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The fate of academic freedom in Thailand

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Author: Tyrell Haberkorn, University of Wisconsin-Madison

On 11 December 2018 Thai Prime Minister General Prayuth Chan-ocha promulgated Head of the National Council for Peace and Order (NCPO) Order No. 22/2561, which ostensibly relaxed restrictions on civilian participation in politics ahead of the elections planned for February 2019. The order revoked nine NCPO announcements and orders out of a total of 535 issued between the May 2014 coup in which the NCPO seized power and September 2018.

Activists and university students gather to demand the first election in Thailand, since the military seized power in a 2014 coup, to be held on February 24 this year in Bangkok, Thailand January 8, 2019 (Photo: Reuters/Jorge Silva).

The problem with these announcements and orders, which are summarily issued by the NCPO or General Prayuth with authority granted by special articles in the 2014 and 2017 constitutions, is that they become immediately legal, constitutional and final upon being proclaimed. They will remain part of Thai law until being revoked, either en masse or individually, even once the NCPO exits power.

Among those revoked in December 2018 was Section 12 of Head of the NCPO Order No. 3/2558, put in place on 1 April 2015, which criminalised political assembly of five or more persons and stipulated a punishment of six months and/or a fine of 10,000 Thai baht (US$300). ‘Political assembly’ was left undefined. The hundreds arrested for and accused of violating the order have variously joined silent commemorations of the coup, marched in street protests and, in one case, held up a sign at an academic conference.

In August 2018 five individuals were indicted in the Chiang Mai district court for violation of Head of the NCPO Order No. 3/2558. The five were two academics (Chayan Vaddhanaphuti, Chaipong Samnieng), two students (Nontawat Machai, Teeramon Buangam) and an independent writer and translator (Pakavadi Veerapaspong). They were accused of being involved in holding up a sign that stated ‘An Academic Conference is Not a Military Barracks’ at the International Conference on Thai Studies (ICTS) in July 2017.

Similar to other academic seminars and conferences since the May 2014 coup, at ICTS there were plainclothes military and police intelligence photographing speakers and audience members, conspicuously taking notes on panels critical of the regime and otherwise interrupting the conference. In response to these actions as well as broader restrictions on freedom of thought at the conference, a group of 180 Thai and international academics signed a declaration in support of academic freedom, and the sign was posted.

A few days after the conference, a military officer made a complaint against the five individuals, who were ultimately indicted and summoned to hear the complaint against them. Outcry and a wave of support for them ensued, with statements from a group of international Thai Studies academics and from human rights and professional organisations including Scholars at Risk, Human Rights Watch, Amnesty International and the Association for Asian Studies.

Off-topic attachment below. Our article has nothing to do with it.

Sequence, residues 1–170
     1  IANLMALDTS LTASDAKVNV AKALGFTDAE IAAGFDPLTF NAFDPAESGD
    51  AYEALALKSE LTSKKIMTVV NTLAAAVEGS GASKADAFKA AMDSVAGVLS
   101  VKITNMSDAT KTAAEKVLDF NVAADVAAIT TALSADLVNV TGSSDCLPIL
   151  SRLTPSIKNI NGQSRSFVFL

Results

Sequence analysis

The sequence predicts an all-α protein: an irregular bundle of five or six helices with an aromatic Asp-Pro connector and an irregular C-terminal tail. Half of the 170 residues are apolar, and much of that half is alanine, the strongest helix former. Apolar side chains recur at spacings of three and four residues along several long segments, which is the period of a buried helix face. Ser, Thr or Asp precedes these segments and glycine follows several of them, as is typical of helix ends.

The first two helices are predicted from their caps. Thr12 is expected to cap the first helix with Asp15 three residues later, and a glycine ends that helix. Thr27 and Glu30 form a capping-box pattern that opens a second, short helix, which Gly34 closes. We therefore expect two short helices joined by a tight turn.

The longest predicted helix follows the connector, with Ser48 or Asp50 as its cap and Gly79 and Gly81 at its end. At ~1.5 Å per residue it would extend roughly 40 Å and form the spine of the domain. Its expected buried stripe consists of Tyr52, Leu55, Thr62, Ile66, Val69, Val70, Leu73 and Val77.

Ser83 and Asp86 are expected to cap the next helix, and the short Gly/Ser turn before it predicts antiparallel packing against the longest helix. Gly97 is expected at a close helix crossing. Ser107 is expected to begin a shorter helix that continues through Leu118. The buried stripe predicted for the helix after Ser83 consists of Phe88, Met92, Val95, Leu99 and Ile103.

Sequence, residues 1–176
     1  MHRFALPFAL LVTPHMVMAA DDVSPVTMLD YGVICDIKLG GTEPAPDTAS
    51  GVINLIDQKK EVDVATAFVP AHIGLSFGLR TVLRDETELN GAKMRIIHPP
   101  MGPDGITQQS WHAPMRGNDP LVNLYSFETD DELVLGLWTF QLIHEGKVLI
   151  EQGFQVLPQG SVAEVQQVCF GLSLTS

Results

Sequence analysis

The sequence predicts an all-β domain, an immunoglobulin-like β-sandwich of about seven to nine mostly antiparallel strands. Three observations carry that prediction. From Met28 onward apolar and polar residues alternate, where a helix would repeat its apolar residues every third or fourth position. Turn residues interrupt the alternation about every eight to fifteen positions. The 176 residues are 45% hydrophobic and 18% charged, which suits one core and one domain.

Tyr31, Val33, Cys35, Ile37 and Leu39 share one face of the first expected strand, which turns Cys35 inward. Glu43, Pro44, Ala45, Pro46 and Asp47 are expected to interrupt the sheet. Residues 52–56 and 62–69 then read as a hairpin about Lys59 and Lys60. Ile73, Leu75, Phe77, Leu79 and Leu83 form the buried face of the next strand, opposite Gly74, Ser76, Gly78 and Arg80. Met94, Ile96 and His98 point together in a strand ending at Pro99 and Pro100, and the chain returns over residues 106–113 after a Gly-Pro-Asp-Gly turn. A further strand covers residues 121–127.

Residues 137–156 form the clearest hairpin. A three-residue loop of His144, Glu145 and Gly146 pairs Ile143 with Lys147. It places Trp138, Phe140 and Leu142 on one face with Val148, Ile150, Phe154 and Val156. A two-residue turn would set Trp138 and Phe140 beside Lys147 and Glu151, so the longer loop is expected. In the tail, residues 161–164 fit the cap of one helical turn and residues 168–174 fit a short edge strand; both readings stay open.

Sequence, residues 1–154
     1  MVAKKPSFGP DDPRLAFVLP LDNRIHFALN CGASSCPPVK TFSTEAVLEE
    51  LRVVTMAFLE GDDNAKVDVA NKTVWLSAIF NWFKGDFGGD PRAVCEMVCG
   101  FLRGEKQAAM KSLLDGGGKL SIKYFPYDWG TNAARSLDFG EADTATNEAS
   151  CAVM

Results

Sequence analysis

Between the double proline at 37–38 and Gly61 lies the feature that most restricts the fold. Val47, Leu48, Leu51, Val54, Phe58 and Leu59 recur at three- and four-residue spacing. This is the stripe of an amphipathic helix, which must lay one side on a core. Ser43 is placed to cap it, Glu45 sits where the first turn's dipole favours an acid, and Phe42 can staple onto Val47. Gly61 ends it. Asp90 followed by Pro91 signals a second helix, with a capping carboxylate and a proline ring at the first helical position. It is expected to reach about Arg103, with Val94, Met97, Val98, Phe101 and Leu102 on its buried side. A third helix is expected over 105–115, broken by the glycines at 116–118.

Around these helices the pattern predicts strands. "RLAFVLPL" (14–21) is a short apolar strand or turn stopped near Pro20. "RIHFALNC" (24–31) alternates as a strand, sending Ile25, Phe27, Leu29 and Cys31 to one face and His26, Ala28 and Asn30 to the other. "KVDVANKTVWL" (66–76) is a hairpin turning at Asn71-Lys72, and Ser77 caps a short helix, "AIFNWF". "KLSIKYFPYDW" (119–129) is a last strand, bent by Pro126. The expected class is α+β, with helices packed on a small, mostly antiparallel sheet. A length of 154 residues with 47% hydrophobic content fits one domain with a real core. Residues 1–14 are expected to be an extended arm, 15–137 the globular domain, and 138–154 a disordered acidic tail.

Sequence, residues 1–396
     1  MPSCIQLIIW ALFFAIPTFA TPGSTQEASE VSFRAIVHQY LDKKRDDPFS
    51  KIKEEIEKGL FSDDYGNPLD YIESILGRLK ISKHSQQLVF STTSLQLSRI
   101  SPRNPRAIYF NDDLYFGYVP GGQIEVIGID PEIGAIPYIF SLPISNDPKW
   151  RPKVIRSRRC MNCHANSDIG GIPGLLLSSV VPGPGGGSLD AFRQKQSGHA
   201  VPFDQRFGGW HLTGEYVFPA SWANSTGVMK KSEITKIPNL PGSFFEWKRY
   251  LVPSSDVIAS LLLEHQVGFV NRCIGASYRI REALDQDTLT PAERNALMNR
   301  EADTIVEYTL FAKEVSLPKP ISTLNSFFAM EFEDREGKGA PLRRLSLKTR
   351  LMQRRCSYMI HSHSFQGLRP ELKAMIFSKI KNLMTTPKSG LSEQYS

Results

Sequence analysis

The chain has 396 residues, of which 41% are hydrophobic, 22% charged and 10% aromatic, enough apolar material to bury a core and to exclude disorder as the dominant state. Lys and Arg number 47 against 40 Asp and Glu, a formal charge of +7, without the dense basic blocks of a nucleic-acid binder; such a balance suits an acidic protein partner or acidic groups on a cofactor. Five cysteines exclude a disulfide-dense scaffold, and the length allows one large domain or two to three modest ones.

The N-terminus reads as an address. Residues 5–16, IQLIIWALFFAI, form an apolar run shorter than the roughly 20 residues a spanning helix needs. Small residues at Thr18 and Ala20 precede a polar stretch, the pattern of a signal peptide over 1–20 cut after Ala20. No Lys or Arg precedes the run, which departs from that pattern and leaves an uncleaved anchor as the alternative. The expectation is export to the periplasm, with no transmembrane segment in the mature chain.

Witness hearings began in early December 2018, with the prosecution and court impervious to the demands to drop the charges and end the case. They were set to continue on 12 December, one day after General Prayuth revoked Head of the NCPO Order No. 3/2558. Although the revocation noted that it would not affect any ongoing cases, Thai Lawyers for Human Rights pointed out that the Thai Criminal Procedure Code is clear that a defendant cannot be prosecuted and punished if there is no law in force that criminalises their actions. The court seems to have shared this concern — at the beginning of the 12 December session, hearings were suspended while the status of the prosecution following the new order was considered.

The court reconvened to issue a ruling on whether the prosecution can continue now that the actions of the defendants are no longer criminalised on the morning of 25 December. The court ruled to dismiss the charges and case altogether.

This ruling is significant for the five defendants as well as Thai society at large, particularly at this key pre-transition moment. The lives of the five individuals accused have been interrupted and their freedom threatened. Ending the case has ceased these threats.

The primary tool of the NCPO’s regime has been the use and abuse of law, including their own orders and announcements. The court’s ruling on whether the Criminal Procedure Code applies here indicates that a modicum of judicial independence still remains in Thailand. Ending the prosecution of individuals for whom the law criminalising their actions has been revoked is a key step towards rebuilding the rule of law.

But this ruling is only a tentative first step. What happens next matters a great deal. All other charges involving Section 12 of Head of the NCPO Order No. 3/2558 must also be dropped. The remaining over 500 NCPO orders and announcements summarily prosecuted must be revoked, and the spurious charges made against civilians under them dropped. These would be concrete steps towards creating space for people’s participation in politics ahead of the upcoming elections, which was, after all, the junta’s stated reason for issuing Head of the NCPO Order No. 22/2561.

Eventually, the prosecutorial lens needs to be turned towards the dictatorship itself. But this, like rebuilding the rule of law, is likely to be a long-term project in Thailand.

Tyrell Haberkorn is Associate Professor of Southeast Asian Studies in the Department of Asian Languages and Cultures at the University of Wisconsin-Madison.

This article is part of an EAF special feature series on 2018 in review and the year ahead.



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